There is a need to address the issue of young people not having access to suitable education, particularly when genuine refugees who will never return to their homeland for their education or anything else for that matter. Thank you Vision First. Joseph Ng

  3. Li Hung

    Hello Vision First! I would like to add my voice to the call for Hong Kong Government to treat refugee youngsters with more consideration and foresight as resources are not lacking. But, honestly, where is the political will? Our administration is too concerned about protecting wealth and status to care about those who need assistance to kick-start their life with education. Cheers, Hung

  4. clarissa

    The H.K. SAR Government does not provide any free education for ANYONE over the age of 18. However there are some grants, but I`m not sure thought if those without ID cards can apply for these.
    As to work, well yes, I agree, refugees should be made to get jobs and pay their own way. The government is now forced to pay out huge amounts of money for refugees, even those accepted by America or Canada; this doesn`t seem fair to me. Why should Hong Kong tax payers have to shoulder this? It would indeed be better for this programme to be scrapped. By the way this should only be for refugees, NOT asylum seekers.
    The only problem is that rents are very high (and to obtain a flat one needs to pay 3 months rent in advance); and as refugees are not ID card holders they would need to pay full hospital fees – plus their children would have to go to private schools. At the same time the food programme would stop, and utility bills would have to be met. Sadly until one has lived in Hong Kong for 7 years one cannot get any real help from the SWD; so those unable to find jobs would be in difficulty.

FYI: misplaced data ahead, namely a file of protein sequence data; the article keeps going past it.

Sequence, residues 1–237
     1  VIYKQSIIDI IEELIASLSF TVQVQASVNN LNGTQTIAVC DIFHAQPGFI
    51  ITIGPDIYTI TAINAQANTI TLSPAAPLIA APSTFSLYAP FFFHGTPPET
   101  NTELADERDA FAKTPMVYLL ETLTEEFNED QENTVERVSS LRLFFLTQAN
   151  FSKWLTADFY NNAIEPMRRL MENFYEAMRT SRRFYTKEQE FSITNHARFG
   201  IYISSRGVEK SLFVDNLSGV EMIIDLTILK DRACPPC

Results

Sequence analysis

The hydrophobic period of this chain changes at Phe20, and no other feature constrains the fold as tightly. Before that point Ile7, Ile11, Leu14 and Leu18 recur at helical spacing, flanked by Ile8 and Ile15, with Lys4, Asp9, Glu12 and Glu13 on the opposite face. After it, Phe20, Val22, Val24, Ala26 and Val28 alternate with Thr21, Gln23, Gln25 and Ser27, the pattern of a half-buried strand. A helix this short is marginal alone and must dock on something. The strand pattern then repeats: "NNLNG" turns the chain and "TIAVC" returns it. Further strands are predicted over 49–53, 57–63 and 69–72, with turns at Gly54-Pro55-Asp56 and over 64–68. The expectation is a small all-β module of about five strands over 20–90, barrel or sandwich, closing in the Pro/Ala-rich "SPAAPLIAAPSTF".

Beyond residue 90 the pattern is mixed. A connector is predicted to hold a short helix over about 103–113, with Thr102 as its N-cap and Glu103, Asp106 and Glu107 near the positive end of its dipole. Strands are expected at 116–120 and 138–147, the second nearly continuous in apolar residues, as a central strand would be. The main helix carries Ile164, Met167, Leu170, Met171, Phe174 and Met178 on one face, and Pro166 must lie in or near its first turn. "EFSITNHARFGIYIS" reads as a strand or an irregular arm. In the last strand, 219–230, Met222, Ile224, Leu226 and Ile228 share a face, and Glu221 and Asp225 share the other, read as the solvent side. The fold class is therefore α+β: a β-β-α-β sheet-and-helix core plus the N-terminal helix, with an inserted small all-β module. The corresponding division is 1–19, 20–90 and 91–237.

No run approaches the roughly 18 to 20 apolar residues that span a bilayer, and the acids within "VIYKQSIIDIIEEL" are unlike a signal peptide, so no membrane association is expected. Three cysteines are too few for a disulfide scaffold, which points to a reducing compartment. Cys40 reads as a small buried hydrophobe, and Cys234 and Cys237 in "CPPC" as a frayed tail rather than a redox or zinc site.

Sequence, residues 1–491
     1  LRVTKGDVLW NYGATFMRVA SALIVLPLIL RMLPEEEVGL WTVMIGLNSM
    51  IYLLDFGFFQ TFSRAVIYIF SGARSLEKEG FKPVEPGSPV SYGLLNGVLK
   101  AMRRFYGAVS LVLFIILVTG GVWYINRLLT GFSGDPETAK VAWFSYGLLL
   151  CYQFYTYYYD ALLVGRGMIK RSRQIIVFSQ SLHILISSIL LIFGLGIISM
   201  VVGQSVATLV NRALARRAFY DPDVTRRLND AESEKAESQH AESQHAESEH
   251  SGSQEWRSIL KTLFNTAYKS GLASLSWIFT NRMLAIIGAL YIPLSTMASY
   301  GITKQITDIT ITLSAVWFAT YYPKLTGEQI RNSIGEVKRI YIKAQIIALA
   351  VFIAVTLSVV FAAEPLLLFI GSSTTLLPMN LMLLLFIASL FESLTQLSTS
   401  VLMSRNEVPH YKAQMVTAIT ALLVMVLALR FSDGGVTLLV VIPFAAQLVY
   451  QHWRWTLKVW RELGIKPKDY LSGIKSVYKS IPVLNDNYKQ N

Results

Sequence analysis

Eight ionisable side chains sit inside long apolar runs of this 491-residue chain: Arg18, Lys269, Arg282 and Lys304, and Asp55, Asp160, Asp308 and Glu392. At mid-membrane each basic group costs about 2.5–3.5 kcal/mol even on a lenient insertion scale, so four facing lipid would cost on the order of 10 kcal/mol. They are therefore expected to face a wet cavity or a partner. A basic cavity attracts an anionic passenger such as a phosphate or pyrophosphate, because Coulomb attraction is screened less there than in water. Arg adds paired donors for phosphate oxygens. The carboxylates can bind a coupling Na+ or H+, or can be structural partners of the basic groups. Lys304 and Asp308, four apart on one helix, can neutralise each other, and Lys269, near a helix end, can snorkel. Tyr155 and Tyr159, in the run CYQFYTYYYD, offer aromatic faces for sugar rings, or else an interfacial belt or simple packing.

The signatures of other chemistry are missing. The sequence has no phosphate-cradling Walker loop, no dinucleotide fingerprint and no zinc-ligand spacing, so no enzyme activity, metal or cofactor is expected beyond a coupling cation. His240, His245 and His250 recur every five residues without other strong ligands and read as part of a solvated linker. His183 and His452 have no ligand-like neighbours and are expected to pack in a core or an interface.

One idea would be for the U.S. and Canadian consulates to speed up the resettlement programme and at the same time help find jobs for those they have accepted.

  5. Student X

    I want an education please !!! I have been a refugee for three years in Hong Kong and I only have study English at British Council in Admiralty. But they give certificate without exam or testing so their classes are only good for new arrivals who need to learn English language to survive here. Please help Vision First to help us more – God bless !!!

  6. Shatin Monroy

    Interesting article, thank you for posting it as I missed the paper yesterday. I see the point. Refugees are stranded in HK for many years and young men and women don’t have the opportunity to further their studies passed the age of compulsory school (Form 7?). In a city of vast opportunity and potential this is goes against their basic human rights which is an issue that needs to be addressed. There is no lack of classroom that could be used in the evening, and teachers who would volunteer an hour a week to help those who are really keen to learn. I’m a teacher myself and I know many of my colleagues would be glad to pitch in. Cheers, Monroy

  7. want to study

    I am 22 and a torture claimant since I was 18 when I came to China and then Hong Kong. I want an education and I want to work to go to school. If I don’t study there is no future for me and here there are many many good schools that could offer nighttime courses to people in need. I can study English at Vision First but I want to become electrician man for my career. I will keep trying to find a chance – Bobby B

  8. Salla 2009

    I wrote to many schools last year and they told me that asylum-seekers cannot study after the age of 18 because the government will not pay for the tuitions. This month and this summer I will write to all the schools again to ask for a high school chance. I stopped my education three years ago and need to study for my future – thank you

  9. Continue my study is my dream and I ask Vision First to help me with courses to increase my knowledge for a better future. Refugees can not study in HK and this means our time is wasted. Years go by very fast and I do not have chance to study anything.